Black Gen Z: Barbershops:  The Black Man’s Underground Rail Road

By Nova Pierce

“As a young Black man, you can get exposed to views and opinions that will teach you more about your own identity, as well as the world around you. And you can see how the Black men around you present themselves to the public and how they take pride in themselves.” – Bougere, a mentor and activist for Black youth (Phillips, 2022)

Barbershops may be one of the Black community’s most well-kept secret troves of culture. This location is more than a simple building. It is a place of fellowship and kinship and is much more rooted in our history than the average citizen knows. After our forceful relocation and during our enslavement our hair was often forcibly removed by our enslavers (Phillips, 2022). Some liked to use it as stuffing for their furniture, others merely thought it was in the way, and others sought to strip us of anything that connected us to the mainland. So it is no wonder that when we regained our freedom we sought to rediscover our connection with our hair. Alonzo Herndon, one of America’s first Black millionaires, is an exhibit of this dream. 

Born a slave, Alanzo was freed at the age of seven due to the Emancipation Proclamation. He worked diligently as a field hand alongside his family for a few years. Seeing no progress in the development of his life, he moved to Atlanta, Georgia, and started to be a barber (Rising). This decision led to the building of his fortune as he went on to develop one of the most magnificent barbershops in Atlanta. It was here that he began to service the upper White echelon. After careful investments, his money piled up to the point of him being able to maintain 100 properties and three successful barbershops (Rising).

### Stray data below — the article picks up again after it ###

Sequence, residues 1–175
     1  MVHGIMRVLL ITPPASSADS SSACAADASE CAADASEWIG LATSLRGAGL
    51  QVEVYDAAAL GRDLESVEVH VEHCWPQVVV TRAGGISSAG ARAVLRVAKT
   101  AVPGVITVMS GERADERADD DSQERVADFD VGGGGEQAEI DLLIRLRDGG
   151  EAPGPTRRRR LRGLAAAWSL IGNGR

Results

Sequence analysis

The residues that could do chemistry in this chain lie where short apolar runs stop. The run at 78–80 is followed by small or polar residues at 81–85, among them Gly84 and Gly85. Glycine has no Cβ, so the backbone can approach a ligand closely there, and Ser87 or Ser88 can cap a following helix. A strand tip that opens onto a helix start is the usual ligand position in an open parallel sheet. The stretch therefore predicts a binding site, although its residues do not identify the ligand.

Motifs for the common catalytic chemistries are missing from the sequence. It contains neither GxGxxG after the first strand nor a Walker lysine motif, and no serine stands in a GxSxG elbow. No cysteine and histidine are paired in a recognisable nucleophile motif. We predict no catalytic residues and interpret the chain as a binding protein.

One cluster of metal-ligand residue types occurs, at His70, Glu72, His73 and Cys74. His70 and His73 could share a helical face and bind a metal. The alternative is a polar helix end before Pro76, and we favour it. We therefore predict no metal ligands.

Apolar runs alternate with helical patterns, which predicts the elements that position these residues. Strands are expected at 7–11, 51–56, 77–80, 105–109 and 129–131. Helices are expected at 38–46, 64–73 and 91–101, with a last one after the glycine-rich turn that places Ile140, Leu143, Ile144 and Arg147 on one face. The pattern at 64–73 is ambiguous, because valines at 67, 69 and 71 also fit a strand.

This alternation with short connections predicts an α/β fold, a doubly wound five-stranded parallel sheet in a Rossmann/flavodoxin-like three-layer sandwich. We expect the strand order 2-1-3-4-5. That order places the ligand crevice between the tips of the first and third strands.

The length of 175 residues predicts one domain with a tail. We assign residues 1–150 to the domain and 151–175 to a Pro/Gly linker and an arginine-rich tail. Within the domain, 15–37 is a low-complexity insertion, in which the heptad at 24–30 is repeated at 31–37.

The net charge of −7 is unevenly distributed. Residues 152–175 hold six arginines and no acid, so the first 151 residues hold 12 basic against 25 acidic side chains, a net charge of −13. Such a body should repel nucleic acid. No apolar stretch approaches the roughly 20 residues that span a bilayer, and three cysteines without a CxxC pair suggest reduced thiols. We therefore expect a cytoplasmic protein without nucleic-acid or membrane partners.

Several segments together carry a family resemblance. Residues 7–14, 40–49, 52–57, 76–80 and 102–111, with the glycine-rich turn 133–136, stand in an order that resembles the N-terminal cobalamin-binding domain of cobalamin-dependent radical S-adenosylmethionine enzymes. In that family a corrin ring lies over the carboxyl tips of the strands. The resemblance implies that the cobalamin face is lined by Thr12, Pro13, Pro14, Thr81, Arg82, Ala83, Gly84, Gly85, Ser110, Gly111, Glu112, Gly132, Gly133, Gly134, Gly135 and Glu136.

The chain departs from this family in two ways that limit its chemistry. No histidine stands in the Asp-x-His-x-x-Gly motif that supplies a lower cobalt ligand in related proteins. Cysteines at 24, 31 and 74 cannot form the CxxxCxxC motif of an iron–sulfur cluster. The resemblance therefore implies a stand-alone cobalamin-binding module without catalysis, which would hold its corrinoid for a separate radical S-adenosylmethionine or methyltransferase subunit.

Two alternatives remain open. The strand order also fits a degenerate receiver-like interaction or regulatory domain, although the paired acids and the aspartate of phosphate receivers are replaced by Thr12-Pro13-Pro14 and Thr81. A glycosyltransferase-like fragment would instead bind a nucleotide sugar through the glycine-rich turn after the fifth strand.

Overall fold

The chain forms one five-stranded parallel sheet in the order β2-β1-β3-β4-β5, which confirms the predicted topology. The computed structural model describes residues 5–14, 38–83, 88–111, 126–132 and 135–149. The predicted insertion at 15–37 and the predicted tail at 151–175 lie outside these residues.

Great wealth both fiscal and spiritual can be felt within this one location. As it can be a place of great healing within the Black community as it is a well-known rule that whatever is said at the barbershop, stays in the barbershop. Grieving, parental advice, herbal remedies, and much more information are traded within these walls. During times of great strife, these buildings harbored the hearts of our Black men and provided a recharge for their souls as they discussed the harsh realities of the world (Gaines, 2020). It is not just their minds that receive recuperation here, but also their bodies as they receive health advice from their peers and barbers who sometimes double as Health Advocates so that they can further serve their community (Barbershops Bring Health Services to Men ( Described as “the valve that leads to the heart of many black communities,” barbershops will continue to be a pillar in the Black community (Gaines, 2020) and may prove to be a useful vehicle for reaching a population that the public often sees as “hard to reach”. 

Self-defined financial enthusiast, traveler, and lover of the written arts, Nova Pierce is an MSW student with a BA in psychology; with over three years of working experience in mental healthcare. She’s enamored with topics on spirituality, social justice, and the overall human experience. You can contact her at